The end of a pier is a lonely place. But sometimes you have to face the deep before you can face your life.
The little bandage on Mary’s breast didn’t hurt, just felt odd, like a scab that needed to come off. She peered down. Her chest looked the same as always. But it wasn’t. She knew the truth. Under her bright yellow shirt, neat stitches marked the spot where a tumor had grown, threatening her very existence.
“There’s always hope,” the doctor had said. A thirty-something woman who had served in the military and brooked no dissent. Even her smile demanded obedience.
Mary didn’t have the heart to argue. Sure, the tumor was gone and new treatment plans prolonged life. But what years? Who wants to live through dying?
She stared at the rippling water. Am I already dead? Her parents had passed away a decade ago, and her only brother lived on the coast of Main and practiced yoga. The fact that they shared the same DNA still amazed her. Her co-workers sympathized, but they didn’t understand.
A flock of honking geese flew in for a landing, sending a party of ducks flapping toward shore. Their startled cries sent the whole park into an uproar. Even a couple squirrels chattered in noisy complaint as they chased each other across the treetops.
With a sigh, Mary shivered. There was no point hanging out at the end of a pier. She had to go home and eat something. Just live until…
Mary turned and blinked at a man’s figure silhouetted against the setting sun. She shaded her eyes and waited. She hardly had the energy to speak.
The man stepped aside. A big guy. Tall with a healthy build, wearing jeans and a button-down blue shirt. “You happen to see a book there?” He pointed to the edge of the pier. “I think I left it…”
Mary turned and considered the wooden planks as if she had never seen them before. To her surprise, white pages glinted in the evening light and fluttered in the breeze. The sound of their flapping awakened her from the torpid stupor. She stepped over and gently lifted the book. “To Kill A Mockingbird?”
The man reached out, his tanned, rough hand exposed his outdoor lifestyle. “Yeah. My wife read it to me when were first married. I thought it might bring back…” He dropped his gaze, his thoughts apparently falling into the rippling water.
Mary swallowed back fear. Her words rushed out like an avalanche trying to bury a mountain of pain. “I read it in high school. Really left an impression. I always wished I had Atticus as my dad.”
The man snorted. “I wish I was Atticus. Instead, I more like Boo Radley.”
Mary squinted. “You don’t look like Boo Radley.” She attempted a smile. “You‘re much too tan.” Her hands wouldn’t stop shaking, so she clasped them behind her back. If only her stomach would stop rolling.
A sheepish grin spread across the man’s face. “Well, I wasn’t going for a literal interpretation.” His humor vanished as his brows furrowed. “You okay?”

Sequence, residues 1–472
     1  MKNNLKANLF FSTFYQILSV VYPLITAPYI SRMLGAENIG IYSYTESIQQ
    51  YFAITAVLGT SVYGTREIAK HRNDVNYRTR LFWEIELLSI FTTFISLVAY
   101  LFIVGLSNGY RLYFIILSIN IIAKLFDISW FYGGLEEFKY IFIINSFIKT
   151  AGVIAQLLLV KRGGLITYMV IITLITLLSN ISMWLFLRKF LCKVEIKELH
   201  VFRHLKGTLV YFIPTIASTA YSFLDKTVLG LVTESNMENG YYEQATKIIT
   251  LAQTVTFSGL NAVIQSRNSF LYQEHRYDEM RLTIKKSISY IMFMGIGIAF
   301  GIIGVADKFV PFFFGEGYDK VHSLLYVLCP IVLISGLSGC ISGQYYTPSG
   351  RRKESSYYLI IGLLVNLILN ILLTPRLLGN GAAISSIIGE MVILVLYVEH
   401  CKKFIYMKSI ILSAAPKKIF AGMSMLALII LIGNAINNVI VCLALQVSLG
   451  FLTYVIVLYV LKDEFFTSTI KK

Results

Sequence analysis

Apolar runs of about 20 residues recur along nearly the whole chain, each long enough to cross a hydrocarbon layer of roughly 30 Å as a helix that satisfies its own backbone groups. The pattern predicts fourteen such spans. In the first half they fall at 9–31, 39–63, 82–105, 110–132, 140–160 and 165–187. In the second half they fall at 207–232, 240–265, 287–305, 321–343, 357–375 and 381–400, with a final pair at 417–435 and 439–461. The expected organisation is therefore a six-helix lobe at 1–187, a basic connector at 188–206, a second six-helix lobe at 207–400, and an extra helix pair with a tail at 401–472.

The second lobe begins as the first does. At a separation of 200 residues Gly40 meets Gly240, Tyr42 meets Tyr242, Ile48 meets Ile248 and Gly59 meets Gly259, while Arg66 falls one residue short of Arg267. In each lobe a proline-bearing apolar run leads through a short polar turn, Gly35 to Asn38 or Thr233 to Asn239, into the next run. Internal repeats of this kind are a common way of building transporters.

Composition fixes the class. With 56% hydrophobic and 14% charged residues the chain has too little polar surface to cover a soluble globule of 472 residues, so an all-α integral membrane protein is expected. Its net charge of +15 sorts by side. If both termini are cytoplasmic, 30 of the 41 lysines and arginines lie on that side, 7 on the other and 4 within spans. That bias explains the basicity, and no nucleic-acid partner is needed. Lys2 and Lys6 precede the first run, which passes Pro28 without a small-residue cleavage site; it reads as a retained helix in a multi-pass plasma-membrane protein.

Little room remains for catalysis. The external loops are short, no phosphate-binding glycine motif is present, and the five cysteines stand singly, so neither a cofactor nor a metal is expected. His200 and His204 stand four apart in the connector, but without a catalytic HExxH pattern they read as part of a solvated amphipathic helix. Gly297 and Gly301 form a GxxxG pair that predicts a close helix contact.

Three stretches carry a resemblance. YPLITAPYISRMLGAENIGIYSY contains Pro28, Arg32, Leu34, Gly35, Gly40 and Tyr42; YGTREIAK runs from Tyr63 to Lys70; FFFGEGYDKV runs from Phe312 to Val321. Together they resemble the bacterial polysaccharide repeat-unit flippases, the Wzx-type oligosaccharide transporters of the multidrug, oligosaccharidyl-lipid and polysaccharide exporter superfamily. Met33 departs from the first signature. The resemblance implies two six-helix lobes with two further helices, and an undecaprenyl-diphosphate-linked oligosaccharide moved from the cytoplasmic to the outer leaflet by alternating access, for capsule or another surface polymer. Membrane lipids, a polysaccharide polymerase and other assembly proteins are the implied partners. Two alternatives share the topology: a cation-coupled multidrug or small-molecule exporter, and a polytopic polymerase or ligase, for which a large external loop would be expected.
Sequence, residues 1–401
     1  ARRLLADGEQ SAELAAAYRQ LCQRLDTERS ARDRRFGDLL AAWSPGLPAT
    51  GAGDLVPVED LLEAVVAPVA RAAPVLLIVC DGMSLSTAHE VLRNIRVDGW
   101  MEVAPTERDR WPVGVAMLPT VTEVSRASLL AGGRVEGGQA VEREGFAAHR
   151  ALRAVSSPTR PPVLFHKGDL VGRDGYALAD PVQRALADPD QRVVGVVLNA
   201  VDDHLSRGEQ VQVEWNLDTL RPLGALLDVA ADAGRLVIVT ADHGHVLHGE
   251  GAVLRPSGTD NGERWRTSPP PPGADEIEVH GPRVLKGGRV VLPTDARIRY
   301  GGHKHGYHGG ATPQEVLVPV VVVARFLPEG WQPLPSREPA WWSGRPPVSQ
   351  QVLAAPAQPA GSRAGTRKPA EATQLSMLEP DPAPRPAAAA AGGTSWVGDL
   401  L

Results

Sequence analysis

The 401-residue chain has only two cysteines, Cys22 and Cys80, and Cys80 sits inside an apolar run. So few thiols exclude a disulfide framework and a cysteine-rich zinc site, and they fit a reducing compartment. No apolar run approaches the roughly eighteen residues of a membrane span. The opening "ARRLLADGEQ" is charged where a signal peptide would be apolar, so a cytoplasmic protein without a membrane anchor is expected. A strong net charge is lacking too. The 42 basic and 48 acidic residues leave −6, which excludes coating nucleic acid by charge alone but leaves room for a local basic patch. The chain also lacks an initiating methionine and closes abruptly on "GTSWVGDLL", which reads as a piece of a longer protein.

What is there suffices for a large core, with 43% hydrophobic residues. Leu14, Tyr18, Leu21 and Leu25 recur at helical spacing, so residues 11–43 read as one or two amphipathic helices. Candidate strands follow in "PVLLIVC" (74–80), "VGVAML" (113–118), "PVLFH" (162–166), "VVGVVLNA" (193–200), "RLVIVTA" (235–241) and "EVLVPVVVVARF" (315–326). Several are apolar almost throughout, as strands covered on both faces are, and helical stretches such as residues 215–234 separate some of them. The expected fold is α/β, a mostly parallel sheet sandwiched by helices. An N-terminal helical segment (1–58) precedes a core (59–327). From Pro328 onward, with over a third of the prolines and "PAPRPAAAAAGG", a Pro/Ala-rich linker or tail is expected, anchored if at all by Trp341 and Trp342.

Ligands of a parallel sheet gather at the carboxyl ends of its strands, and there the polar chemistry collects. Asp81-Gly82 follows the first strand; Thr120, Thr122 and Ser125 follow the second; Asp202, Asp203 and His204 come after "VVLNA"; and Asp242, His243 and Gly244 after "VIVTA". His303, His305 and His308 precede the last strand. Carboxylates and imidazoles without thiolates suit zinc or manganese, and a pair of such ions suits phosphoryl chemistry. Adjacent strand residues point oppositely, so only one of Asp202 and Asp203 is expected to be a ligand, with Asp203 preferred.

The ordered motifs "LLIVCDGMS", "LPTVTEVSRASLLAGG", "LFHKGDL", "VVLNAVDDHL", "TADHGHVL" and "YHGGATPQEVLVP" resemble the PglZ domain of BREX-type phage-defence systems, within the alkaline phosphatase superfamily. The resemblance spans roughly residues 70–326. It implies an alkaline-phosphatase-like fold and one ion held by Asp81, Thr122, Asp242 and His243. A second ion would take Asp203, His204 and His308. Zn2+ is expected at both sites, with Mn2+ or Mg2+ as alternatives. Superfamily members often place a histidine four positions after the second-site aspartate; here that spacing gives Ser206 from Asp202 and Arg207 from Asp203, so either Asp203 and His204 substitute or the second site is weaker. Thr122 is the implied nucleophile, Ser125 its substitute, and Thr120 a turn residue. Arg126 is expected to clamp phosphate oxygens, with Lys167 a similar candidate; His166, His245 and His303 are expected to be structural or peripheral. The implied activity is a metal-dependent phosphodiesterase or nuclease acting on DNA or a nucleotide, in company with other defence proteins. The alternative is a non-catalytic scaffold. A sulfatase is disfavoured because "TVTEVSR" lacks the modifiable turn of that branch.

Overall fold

With an uneven step, Mary gripped the slimy post and sucked in a deep breath. “My first dose of chemo. Does wonders for my disposition.”
The man grabbed her arm and helped her regain her balance. “Cancer? Oh, God. What kind?”
A surge of strength swept over Mary, and she found she could stand, her breathing calmed. “Breast. Early stage. The doc says I’ll be fine…” She squared her shoulders and panted like a runner about to start a marathon.
He led her away from the post. “Early stage is good…your doctor might be right.”
Mary nodded toward the parking lot. “Mine’s the blue cruise.”
He kept his arm fixed at her side and matched her pace as they maneuvered to the parking lot. He pointed to a Ford Focus. “That’s mine.” He helped her rest her weight against her car. “My name’s Brad. Lost my wife to cancer three years ago. Hell of a thing…”
The warm metal comforted Mary’s cold bones. “Yeah. You’ve got that right.” She peered at him. “Sorry about your wife. Not easy being the survivor, I suppose.”
Brad’s gaze swept across the road. “There’s a fish and chips place over there. You want something to eat before you go? Might do you some good.”
Mary considered the possibility. The faint smell of fried fish wafted on the air and sent demanding ripples through her body. “Yeah. It might do us both some good.” She eyed the book still gripped in his hand. “I always wanted to read that story again.”
Brad took her arm. “It’s a remarkable tale…tells it like it is. Lots of ways to die in this world.”
Mary nodded. “Yeah. Lots of ways to live, too.”
After they ordered, Brad hunched forward and pressed open the novel to the first page. He cleared his throat. “When he was nearly thirteen, my brother Jem got his arm badly broken at the elbow…”
Mary leaned back and closed her eyes. The pier faded. A small southern town appeared, and a new vision breathed life into her soul.
Novels by A. K. Frailey
Last of Her Kind http://amzn.to/2y1HJvg
Newearth: Justine Awakens http://amzn.to/2pq0vWN
Melchior—Vengeance Is Mine http://amzn.to/2taeW2r
Historical Fiction & Science Fiction Blend
OldEarth ARAM Encounter https://amzn.to/2KLhlsN
OldEarth Ishtar Encounter https://amzn.to/2OAkDQF
OldEarth Neb Encounter (In production)
OldEarth Georgios Encounter (In production)
The Adventures of Tally-Ho http://amzn.to/2sLfcI5
The Road Goes Ever On—A Christian Journey Through The Lord of the Rings http://amzn.to/2lWBd00